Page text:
The world faces a ticking time bomb in the form of global warming, and recent disasters caused by extreme weather should motivate individuals to urgently seek “climate justice,” leading United States economist Jeffrey Sachs said.
The United Nations special adviser urged citizens to “flood the courts” with legal cases demanding the right to a safe and clean environment, and to pursue major polluters such as big oil companies and negligent governments for liability and damages.
“Who’s going to rebuild? Who’s going to pay?” asked Sachs, referring to a spate of disasters, including floods and storms, which scientists say are being exacerbated by climate change.
Economic justice is important because communities are not impacted equally by the effects of climate change, he said in a lecture at the London School of Economics on Tuesday evening (03/10).
“The poor are always extraordinarily vulnerable to shocks because they have no buffer,” Sachs said. “They don’t have a voice in public policy, so when disasters hit they’re alone.”
Referring to Hurricane Maria, which pummeled the US territory of Puerto Rico last month, cutting power and crippling the lives of 3.4 million residents, Sachs said the Caribbean region had “caused almost nothing of the devastation” but was paying for the damage from increasingly extreme weather.
Instead of patching things up after each crisis, individuals should fight for a legal regime that can respond to predictable and frequent threats, said the Columbia University professor.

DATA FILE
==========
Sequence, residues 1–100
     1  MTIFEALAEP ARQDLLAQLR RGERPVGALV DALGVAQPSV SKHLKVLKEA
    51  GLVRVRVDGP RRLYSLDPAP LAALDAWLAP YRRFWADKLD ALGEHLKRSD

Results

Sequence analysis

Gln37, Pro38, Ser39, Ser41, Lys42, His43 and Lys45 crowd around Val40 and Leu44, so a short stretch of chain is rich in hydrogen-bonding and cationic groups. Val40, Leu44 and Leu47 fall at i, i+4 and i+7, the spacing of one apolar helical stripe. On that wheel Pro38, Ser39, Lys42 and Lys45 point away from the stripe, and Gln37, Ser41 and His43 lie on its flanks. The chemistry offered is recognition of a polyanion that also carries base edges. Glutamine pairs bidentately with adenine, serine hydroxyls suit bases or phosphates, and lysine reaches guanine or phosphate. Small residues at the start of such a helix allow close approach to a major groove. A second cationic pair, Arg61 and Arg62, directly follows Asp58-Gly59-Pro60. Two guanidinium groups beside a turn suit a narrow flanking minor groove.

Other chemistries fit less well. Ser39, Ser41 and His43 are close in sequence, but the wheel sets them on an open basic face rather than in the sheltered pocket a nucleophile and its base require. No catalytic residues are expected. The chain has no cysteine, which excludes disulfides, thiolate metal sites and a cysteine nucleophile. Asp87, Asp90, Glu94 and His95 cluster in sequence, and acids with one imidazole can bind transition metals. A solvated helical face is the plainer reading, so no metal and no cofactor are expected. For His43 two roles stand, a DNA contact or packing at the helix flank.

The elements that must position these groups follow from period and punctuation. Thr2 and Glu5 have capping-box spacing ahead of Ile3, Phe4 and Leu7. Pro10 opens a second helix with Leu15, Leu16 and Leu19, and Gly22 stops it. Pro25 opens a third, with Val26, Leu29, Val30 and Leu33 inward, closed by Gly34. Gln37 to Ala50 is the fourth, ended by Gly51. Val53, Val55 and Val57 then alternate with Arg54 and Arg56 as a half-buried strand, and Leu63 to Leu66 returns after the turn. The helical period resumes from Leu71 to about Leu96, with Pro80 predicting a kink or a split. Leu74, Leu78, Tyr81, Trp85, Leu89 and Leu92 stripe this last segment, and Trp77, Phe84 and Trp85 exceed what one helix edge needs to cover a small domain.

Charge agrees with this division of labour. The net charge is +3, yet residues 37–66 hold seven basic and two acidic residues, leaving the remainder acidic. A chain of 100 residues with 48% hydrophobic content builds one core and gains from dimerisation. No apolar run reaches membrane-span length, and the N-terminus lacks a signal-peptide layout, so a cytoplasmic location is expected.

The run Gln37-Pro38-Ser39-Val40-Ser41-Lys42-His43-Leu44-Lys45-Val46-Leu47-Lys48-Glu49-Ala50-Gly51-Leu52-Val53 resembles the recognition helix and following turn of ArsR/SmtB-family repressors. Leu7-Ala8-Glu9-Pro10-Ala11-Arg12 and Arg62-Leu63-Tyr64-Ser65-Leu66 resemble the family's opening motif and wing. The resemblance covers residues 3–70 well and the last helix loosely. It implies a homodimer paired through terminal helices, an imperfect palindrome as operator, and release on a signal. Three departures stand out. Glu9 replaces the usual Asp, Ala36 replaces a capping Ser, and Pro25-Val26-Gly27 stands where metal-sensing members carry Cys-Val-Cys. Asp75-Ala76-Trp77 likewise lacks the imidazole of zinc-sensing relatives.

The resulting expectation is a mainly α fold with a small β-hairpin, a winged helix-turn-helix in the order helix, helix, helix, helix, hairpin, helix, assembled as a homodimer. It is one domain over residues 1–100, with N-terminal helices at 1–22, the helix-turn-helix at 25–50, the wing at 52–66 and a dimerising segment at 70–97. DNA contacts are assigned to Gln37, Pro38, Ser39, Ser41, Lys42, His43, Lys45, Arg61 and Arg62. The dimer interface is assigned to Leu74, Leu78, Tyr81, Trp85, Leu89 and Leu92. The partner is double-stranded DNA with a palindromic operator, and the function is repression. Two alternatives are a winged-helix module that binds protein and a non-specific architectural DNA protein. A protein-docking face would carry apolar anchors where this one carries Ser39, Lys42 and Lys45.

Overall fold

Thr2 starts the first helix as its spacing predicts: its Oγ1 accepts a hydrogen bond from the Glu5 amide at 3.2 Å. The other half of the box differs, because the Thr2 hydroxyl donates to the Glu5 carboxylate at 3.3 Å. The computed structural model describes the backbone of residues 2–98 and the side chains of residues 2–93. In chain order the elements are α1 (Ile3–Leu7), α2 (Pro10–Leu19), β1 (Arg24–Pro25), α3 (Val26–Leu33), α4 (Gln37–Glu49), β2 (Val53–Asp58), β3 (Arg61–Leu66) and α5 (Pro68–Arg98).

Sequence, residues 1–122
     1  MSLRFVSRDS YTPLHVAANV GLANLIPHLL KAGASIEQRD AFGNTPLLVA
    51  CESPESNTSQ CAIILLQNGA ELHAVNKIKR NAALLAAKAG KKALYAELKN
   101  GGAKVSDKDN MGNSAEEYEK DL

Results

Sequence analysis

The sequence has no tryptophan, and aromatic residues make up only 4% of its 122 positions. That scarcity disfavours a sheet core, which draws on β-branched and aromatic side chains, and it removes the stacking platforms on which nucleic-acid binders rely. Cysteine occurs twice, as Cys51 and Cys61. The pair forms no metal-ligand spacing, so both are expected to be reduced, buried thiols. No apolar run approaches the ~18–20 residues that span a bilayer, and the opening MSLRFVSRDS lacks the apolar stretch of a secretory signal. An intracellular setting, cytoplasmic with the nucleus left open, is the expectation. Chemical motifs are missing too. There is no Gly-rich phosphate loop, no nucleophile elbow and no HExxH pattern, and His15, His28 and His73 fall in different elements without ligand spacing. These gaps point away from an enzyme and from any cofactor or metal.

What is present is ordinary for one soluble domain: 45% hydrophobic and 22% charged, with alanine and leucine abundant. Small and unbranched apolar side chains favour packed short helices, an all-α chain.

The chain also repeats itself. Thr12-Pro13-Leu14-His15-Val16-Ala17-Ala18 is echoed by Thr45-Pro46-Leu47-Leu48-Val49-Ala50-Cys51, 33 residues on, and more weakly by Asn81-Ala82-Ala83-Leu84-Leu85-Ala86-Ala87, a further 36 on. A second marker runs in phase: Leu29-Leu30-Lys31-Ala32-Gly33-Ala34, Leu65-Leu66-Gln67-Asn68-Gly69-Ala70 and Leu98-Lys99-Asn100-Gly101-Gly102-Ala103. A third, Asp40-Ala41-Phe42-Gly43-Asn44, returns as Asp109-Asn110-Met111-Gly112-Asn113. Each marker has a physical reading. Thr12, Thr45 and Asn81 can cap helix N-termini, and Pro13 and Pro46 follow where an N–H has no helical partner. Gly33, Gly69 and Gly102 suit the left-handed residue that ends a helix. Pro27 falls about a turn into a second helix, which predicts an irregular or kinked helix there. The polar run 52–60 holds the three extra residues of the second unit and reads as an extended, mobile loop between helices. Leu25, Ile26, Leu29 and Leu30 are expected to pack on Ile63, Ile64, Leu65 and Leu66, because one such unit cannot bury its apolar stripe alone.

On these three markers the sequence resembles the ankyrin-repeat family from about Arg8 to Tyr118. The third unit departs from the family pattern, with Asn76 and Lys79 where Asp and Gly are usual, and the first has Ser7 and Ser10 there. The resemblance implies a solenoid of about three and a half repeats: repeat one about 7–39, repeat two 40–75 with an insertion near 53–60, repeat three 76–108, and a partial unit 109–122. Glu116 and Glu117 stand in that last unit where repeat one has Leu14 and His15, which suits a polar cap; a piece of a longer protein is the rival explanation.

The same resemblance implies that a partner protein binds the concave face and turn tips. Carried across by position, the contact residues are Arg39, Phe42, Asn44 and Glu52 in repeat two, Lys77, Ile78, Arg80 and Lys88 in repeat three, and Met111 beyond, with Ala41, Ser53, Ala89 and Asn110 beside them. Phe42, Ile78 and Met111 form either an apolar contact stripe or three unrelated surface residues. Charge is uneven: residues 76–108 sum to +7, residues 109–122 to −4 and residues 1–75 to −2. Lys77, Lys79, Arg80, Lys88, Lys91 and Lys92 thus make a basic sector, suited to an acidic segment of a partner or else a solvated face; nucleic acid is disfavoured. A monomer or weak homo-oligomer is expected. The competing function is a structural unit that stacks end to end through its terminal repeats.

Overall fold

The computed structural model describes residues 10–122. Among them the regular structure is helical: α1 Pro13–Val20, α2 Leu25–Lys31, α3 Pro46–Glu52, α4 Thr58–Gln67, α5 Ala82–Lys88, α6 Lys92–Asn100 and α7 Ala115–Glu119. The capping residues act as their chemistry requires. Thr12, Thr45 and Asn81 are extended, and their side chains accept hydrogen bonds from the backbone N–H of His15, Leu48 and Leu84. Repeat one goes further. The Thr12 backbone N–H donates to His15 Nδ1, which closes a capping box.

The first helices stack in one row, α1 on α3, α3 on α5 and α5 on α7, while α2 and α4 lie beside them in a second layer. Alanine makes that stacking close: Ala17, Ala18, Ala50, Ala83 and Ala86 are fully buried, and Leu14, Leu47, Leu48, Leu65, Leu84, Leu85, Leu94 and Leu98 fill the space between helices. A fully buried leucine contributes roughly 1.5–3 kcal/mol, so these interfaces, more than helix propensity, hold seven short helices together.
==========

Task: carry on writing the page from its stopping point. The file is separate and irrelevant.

Deep-pocketed oil companies – from Exxon Mobil to Chevron and Royal Dutch Shell – should bear the bulk of the legal blame and responsibility, but legal tools could also be used to seek remedy from governments, he argued.
The best-selling author said this approach would lead to tighter regulation of the fossil fuel industry, whose products emit heat-trapping gases.
“We need a right to climate safety firmly and clearly stated,” he added.
Sachs pointed to the $18.7 billion settlement agreed after the 2010 BP oil spill in the Gulf of Mexico – under which the company paid penalties to the US government and five states – as a model for climate justice cases.
If a causal link with climate change can be proved, the proceeds from such lawsuits could pay for costly adaptation methods such as retrofitting buildings, re-housing communities and shifting the energy sector towards renewables, he said.
The Paris Agreement goes some way towards tackling the issue of climate justice by recognizing the importance of addressing loss and damage associated with climate change, but lacks any enforcement mechanism for liability or compensation, Sachs said.
The United States, under President Donald Trump, has given notice it wants to withdraw from the international accord to curb global warming, a move heavily criticized by Sachs. Climate lawsuits should borrow from legal models that held tobacco firms liable for health damage from smoking, he said, predicting a rise in class actions targeting major oil firms.
In September, cities including San Francisco and Oakland filed separate lawsuits against five oil companies using the “public nuisance” doctrine, seeking billions of dollars to protect against rising sea levels.
Meanwhile in Oregon, teenagers have sued the federal government in a landmark case known as “Our Children’s Trust,” asserting that government policies have contributed to climate change, violating their constitutional right to life, liberty and property.
Sachs expects such cases to become commonplace, particularly in the United States, as more individuals’ lives are turned upside down by climate-related disasters.
“We’re in a very difficult race against time,” he said.